networking people
Do you find networking events daunting? If you are not familiar with networking groups and it’s not something you find easy, then try these tips.

1. Have a plan. Decide before hand why you are attending this event. Is it to collect 10 new business cards? To ask 3 people to sign up to your newsletter? To meet a specific person? To speak to 5 new people about your business? You are more likely to circulate and feel the event was worthwhile if you have a goal in mind.

2. Don’t blend in. You don’t have to look out of place, but wearing something bright, or an interesting tie or necklace will help you stand out from the crowd and will help you be remembered.

3. Where possible aim to arrive slightly early or on time. It is easier to break into groups at the beginning and less daunting then walking into a packed room where everyone already seems to know each other.

4. Have some stock phrases ready for graciously moving on to circulate with another group.
“It’s been great to meet you, there are a number of other people I need to make contact with, so I hope you’ll excuse me”
“I’m going to get another drink; would you like to come?” and then plan to expand your group with people who are at the refreshment table.
“Please excuse me, I need to use the toilets” and when you return, join another group.
If you find yourself back with someone that you don’t want to spend any more time with, then ask them if they have met anyone they think you should meet, or point out someone you think they should chat to, or suggest you both introduce yourself to a nearby group.

5. Prepare an elevator script summarising who you are and what you do. If that feels false and uncomfortable then try spinning it so that you describe your ideal client and how you solve their problems, rather than making it about you. Some networking groups have a 2 minute slot where everyone introduces themselves, others don’t, so make sure you check the format.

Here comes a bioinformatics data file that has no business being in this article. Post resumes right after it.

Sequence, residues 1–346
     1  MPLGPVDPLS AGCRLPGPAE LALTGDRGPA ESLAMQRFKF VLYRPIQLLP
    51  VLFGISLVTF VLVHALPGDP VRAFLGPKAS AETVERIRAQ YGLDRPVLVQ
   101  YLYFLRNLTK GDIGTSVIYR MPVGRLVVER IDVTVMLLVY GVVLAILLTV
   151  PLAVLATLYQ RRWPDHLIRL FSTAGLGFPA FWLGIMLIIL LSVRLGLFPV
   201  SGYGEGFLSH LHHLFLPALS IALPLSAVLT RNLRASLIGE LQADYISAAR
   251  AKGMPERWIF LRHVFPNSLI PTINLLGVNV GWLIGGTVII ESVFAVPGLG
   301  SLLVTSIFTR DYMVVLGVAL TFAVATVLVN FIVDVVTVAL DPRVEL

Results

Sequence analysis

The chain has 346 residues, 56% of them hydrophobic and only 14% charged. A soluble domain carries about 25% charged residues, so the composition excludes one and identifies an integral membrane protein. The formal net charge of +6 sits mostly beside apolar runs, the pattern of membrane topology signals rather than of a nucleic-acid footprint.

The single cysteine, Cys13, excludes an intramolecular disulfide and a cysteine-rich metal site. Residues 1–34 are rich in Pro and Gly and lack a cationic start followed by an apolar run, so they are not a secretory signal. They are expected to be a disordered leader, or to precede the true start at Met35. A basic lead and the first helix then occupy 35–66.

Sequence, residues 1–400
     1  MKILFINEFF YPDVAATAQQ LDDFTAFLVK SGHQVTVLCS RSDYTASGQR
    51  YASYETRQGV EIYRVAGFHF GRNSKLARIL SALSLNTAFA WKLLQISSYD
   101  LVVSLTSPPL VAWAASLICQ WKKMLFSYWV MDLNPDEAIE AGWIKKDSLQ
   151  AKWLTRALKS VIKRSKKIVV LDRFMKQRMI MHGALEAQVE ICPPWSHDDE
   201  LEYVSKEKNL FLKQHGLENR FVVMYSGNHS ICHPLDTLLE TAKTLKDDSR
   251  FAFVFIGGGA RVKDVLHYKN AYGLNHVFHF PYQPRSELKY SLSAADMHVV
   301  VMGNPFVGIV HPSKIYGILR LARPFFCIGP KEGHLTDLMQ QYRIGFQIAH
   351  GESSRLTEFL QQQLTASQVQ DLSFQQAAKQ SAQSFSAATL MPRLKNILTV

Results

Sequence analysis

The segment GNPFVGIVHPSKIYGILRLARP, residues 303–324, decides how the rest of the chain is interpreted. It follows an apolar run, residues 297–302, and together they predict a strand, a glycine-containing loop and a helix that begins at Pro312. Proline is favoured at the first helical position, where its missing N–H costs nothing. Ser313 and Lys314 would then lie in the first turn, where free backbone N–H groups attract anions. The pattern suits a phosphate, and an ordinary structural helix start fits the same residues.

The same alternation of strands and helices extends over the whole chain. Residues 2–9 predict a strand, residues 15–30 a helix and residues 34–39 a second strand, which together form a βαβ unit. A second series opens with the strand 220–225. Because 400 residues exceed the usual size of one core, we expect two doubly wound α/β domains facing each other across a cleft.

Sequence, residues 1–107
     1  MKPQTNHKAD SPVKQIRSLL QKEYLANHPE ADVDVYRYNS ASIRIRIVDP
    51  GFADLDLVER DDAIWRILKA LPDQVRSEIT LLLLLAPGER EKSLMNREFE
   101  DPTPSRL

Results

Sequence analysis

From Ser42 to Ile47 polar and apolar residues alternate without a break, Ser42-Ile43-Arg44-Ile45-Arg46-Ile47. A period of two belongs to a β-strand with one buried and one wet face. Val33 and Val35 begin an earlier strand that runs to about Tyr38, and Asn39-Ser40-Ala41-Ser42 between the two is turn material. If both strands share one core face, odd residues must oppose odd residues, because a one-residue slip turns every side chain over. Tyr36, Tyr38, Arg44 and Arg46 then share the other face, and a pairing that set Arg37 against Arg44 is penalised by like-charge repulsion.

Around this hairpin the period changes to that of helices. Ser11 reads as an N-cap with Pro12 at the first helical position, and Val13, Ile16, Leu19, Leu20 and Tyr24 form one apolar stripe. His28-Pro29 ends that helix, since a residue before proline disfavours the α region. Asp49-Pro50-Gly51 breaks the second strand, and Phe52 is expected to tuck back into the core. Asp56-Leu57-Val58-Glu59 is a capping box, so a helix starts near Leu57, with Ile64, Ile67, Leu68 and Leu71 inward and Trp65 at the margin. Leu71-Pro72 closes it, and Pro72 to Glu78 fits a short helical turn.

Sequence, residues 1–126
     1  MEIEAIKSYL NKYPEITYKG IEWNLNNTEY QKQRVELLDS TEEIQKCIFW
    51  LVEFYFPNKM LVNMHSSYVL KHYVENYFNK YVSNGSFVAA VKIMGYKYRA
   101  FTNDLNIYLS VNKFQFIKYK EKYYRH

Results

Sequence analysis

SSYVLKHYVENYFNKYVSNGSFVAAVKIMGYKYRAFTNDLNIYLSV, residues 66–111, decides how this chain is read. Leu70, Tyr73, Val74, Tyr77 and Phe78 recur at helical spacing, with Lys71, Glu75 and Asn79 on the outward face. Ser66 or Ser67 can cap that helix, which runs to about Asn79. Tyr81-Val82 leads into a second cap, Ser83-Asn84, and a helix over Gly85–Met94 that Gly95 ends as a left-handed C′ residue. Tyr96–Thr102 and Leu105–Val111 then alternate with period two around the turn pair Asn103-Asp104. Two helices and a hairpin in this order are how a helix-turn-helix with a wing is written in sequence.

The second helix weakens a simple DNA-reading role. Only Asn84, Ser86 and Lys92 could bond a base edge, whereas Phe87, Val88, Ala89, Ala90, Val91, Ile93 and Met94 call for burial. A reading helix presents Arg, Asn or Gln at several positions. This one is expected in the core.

6. Have your business cards to hand, not in a bag or in their box, but a few easy access ones in a pocket to avoid awkward fumbling about.

7. Don’t actively look for work! No one likes a hard sell, and any business is more likely to come from people that these contacts recommend you to. So concentrate on having 2 way conversations, and coming across as likeable, professional and knowledgeable.

8. If the conversation starts to falter, then have a few questions up your sleeve
“Is this the first time you’ve been to this meeting?”
“ How did you get into ________?”
“ What do you like most about what you do?”
“ I may already know someone who could do business with you, what does your ideal client look like?”
“Are you interested in getting coffee next week? I’d love to learn more about____”

9. Follow up afterwards. Send them an email, make personalised connection on LinkedIn, but make sure you ask their permission before adding them to your mailing list

10. If your memory isn’t great and it’s a big meeting, write notes on their business cards, so you remember them later. You want to be able to separate out those who sounded interested in your products or services – using red, amber and green notation would work.

Have you had any networking wins, or networking disasters?
Feel free to share in the comments below.